Port Houston handled 364,866 twenty-foot equivalent units (TEUs) in May, marking an astounding increase of 21%, or more than 64,000 TEUs, compared to the same month last year. From January through May a total of 1,758,960 TEUs moved through the Port's two container terminals, reflecting a 14% increase compared to the same period in 2023.

Port Houston’s cargo volumes show no signs of slowing down despite any ongoing global supply chain disruptions. Robust construction of new warehouses and distribution centers the last two years and regional consumer spending on items like furniture, hardware, and retail goods have driven loaded import volumes to an increase of 18% this month compared to last year. Furthermore, strong manufacturing in Texas has pushed loaded exports, which increased by 21% this month, totaling 131,690 TEUs, and by 15% year-to-date through May, at 655,116 TEUs.

Also in May, Port Houston welcomed the MV/OOCL Bremerhaven on its maiden voyage. This vessel arrived at Bayport Container Terminal and is part of the ATG1/Victory Bridge service operated by the Ocean Alliance. The Victory Bridge connects Mexican imports from Veracruz and Altamira with an ultra-short transit time of four days from MXVER and two days from MXATM. After Houston, the service offers express direct service to Le Havre, Antwerp, Rotterdam, and Bremerhaven before returning to Mexico.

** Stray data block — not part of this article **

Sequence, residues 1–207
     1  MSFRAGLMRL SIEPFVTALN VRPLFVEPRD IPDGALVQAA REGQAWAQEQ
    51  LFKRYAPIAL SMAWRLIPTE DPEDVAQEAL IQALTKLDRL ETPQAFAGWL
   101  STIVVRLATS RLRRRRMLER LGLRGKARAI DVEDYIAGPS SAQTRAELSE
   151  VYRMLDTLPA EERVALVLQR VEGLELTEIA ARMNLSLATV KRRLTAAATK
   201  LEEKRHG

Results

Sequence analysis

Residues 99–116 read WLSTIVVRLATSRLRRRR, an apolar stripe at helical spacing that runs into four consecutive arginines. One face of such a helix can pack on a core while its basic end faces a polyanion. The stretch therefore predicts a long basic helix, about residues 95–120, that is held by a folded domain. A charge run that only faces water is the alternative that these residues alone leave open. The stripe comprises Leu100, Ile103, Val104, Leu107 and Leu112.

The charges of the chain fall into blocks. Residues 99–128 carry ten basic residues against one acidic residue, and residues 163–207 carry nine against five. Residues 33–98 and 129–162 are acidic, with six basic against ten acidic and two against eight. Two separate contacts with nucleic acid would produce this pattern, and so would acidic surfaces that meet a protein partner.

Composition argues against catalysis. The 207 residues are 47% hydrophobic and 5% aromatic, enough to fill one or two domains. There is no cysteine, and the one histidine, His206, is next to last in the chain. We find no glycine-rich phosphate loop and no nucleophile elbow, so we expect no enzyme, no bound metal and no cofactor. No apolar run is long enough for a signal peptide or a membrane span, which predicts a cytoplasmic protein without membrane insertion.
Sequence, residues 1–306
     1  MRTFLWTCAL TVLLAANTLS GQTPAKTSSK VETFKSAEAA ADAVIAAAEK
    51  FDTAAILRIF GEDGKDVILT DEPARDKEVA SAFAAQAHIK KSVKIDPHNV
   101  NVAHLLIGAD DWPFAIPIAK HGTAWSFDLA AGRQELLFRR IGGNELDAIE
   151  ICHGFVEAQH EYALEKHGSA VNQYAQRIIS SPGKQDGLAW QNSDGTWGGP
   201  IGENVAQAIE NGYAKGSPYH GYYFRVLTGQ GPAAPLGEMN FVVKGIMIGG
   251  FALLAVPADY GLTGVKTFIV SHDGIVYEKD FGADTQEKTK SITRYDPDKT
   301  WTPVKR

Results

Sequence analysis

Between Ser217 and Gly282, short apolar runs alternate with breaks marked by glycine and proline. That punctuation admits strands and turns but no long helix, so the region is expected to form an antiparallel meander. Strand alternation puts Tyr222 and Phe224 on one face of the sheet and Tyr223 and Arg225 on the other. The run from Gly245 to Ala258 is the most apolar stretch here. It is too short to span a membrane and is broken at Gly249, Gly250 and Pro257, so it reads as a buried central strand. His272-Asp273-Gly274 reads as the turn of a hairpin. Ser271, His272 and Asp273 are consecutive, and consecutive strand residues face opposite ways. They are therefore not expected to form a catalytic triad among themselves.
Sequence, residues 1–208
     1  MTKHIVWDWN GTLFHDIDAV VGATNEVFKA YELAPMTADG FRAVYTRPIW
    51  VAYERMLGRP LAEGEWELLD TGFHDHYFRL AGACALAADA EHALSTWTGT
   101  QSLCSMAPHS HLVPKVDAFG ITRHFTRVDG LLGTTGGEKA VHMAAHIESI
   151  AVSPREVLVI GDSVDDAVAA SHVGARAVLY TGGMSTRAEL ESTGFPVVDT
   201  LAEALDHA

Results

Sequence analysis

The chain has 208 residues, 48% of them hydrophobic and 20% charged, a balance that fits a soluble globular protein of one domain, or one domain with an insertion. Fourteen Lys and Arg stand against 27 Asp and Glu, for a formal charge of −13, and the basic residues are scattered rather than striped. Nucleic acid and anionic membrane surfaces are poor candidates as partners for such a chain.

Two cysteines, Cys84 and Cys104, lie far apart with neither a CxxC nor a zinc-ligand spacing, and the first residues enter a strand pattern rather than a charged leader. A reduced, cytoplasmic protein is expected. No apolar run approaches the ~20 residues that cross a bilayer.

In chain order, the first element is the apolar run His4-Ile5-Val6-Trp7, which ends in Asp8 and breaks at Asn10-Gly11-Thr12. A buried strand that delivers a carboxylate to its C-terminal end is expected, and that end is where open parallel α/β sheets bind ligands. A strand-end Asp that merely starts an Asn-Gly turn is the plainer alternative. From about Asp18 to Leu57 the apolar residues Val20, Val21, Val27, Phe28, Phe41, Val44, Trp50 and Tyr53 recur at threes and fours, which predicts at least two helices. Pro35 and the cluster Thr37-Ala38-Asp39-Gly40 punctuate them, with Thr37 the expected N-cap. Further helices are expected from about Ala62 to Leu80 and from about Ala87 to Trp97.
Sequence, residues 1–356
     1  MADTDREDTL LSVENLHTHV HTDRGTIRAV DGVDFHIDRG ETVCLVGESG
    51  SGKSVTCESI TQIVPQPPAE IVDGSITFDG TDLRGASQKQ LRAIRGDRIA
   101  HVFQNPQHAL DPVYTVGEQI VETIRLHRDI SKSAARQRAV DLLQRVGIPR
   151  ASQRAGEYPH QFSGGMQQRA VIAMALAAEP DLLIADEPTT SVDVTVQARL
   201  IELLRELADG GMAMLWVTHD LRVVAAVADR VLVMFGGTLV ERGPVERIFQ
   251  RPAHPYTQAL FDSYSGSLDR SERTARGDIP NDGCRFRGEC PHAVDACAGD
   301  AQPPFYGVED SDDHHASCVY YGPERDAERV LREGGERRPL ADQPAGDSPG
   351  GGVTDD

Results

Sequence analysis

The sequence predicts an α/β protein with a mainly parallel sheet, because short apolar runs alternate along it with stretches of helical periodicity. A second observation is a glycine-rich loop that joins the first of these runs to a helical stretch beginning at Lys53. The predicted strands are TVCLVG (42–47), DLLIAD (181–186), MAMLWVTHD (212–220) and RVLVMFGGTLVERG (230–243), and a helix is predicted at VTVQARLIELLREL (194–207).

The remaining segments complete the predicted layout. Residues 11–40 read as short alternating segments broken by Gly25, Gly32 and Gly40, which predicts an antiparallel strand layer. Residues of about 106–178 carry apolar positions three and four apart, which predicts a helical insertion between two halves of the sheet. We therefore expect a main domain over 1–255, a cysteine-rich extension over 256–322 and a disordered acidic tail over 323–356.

“We give a Texas-sized welcome to the MV/OOCL Bremerhaven and look forward to providing this new vessel with exceptional customer service,” said Roger Guenther, Executive Director at Port Houston. “At Port Houston’s container terminals, vessels are worked 24 hours a day, and are turned quickly in partnership with our stevedores and ILA labor. We understand the importance of getting ships in, out, and on their way to their next destination as quickly and efficiently as possible.”

Port Houston's leadership continues to prioritize making Houston the gateway of choice for its customers. By the end of 2024, 15,000 TEU class neo-Panamax vessels will be able to berth at Bayport as the Port continues to make progress on its Houston Ship Channel Expansion, widely known as Project 11. “We are well-prepared to handle larger ships and increased volumes, and ensure we always have a buffer for surges,” said Guenther. “Our goal is to continue to improve how we do business to capture increased cargo into the Houston region.”

Steel imports at Port Houston’s multipurpose facilities increased tremendously in May, up 48% compared to last May, totaling 436,027 short tons. In fact, this was the best month for steel imports at Port Houston since June 2023. Total tonnage across all facilities has grown by 6% compared to last year and stands at 22,394,696 tons year-to-date.